All we need is the candidate’s face: The irrelevance of information about political coalition affiliation and campaign promises

Lucia Mannetti, Ambra Brizi, Jocelyn Belanger, Ilaria Bufalari

Research output: Contribution to journalArticlepeer-review

Abstract

Recent research has indicated that judgments of competence based on very short exposure to political candidates’ faces reliably predict electoral success. An unexplored question is whether presenting written information of the kind to which voters are typically exposed during an election alongside candidates’ faces affects competence judgments. We conducted three studies using photographs of 16 pairs of competing politicians in 16 medium-sized towns of northeast Italy as stimuli. Study 1 confirmed the external validity of earlier research in which participants were exposed to candidates’ faces without providing any other information. Study 2a showed that competence judgments were not subject to in-group favoritism: candidates’ faces were presented alongside information about the political coalition to which they belonged (center left; center right) to participants who declared a left or right political orientation. Finally, Study 2c compared the competence inferences made in Study 1 (face-only condition) with those of Study 2a (face plus political coalition label) and with new inferences (Study 2b) based on candidates’ faces plus information about campaign promises (greater equality; lower taxes). The results showed that automatic competence inferences are not substantially modified when relevant written information is presented alongside candidates’ faces.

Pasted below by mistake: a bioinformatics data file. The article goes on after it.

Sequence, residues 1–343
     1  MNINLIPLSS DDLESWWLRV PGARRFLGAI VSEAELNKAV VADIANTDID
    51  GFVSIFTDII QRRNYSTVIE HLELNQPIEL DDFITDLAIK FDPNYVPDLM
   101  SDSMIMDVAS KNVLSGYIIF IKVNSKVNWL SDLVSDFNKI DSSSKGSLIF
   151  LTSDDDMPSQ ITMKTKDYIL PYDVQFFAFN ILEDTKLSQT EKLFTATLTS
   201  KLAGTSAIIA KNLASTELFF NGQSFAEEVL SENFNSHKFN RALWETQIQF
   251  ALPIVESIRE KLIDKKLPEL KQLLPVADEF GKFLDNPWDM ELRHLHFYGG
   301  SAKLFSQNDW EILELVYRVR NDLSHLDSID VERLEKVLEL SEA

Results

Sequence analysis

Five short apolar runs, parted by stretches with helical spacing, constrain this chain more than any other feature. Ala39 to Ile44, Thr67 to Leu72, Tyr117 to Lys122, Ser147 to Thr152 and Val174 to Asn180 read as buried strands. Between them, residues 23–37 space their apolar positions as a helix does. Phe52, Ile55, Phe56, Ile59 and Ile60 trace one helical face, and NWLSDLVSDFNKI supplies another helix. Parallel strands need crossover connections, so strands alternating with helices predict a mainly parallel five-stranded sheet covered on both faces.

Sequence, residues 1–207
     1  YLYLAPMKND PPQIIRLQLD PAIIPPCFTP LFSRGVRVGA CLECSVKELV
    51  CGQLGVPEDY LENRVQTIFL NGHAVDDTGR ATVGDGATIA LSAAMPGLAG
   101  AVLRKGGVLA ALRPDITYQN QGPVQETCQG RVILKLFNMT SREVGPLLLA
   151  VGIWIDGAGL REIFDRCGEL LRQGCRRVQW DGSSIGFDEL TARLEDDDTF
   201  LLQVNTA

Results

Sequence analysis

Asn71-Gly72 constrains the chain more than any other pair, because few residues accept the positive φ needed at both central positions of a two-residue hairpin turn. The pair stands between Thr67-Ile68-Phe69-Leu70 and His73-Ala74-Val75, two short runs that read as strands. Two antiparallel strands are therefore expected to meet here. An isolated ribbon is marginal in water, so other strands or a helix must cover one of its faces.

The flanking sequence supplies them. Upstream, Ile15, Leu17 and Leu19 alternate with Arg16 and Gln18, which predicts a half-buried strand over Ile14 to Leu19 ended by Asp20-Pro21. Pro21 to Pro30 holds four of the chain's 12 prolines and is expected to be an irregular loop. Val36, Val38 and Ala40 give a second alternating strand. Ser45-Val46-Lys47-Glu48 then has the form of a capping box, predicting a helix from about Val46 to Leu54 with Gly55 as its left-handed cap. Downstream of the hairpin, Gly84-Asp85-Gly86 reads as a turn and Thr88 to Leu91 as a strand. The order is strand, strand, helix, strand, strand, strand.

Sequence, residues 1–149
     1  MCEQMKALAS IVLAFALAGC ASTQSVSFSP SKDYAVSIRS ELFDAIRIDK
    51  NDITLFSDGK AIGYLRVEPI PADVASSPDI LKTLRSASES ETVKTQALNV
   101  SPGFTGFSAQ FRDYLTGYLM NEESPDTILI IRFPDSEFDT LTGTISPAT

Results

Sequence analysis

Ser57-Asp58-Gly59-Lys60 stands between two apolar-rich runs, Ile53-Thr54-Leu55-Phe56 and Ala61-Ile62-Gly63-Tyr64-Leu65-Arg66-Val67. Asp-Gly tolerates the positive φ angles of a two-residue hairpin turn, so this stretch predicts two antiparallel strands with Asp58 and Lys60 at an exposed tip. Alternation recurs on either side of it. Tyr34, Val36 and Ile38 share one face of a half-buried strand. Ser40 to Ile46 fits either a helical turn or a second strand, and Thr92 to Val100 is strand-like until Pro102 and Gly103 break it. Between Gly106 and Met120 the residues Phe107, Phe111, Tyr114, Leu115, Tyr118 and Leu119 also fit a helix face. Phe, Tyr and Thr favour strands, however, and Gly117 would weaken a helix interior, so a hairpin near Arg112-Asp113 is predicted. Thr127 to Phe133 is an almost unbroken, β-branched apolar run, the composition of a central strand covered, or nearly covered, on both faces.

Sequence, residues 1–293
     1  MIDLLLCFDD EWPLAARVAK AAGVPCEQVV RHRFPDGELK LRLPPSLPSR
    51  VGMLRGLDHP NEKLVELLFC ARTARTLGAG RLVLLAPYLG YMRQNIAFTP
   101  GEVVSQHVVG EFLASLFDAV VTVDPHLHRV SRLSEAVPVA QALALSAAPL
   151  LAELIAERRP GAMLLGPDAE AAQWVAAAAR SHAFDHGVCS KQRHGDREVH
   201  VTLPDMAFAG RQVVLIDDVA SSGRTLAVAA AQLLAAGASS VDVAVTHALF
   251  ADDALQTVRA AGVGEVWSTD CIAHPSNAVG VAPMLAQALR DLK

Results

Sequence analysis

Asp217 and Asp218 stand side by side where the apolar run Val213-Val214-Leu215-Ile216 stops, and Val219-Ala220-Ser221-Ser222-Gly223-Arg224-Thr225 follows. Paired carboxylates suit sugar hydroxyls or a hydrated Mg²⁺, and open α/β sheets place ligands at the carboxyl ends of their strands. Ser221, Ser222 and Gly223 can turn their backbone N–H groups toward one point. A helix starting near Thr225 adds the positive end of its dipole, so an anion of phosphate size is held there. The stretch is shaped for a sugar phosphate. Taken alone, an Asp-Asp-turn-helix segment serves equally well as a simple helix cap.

Original languageEnglish (US)
Article number1268365
JournalCogent Psychology
Volume3
Issue number1
DOIs
StatePublished - Dec 31 2016

Keywords

  • candidate’s face
  • first impressions
  • political choices

ASJC Scopus subject areas

  • Psychology(all)

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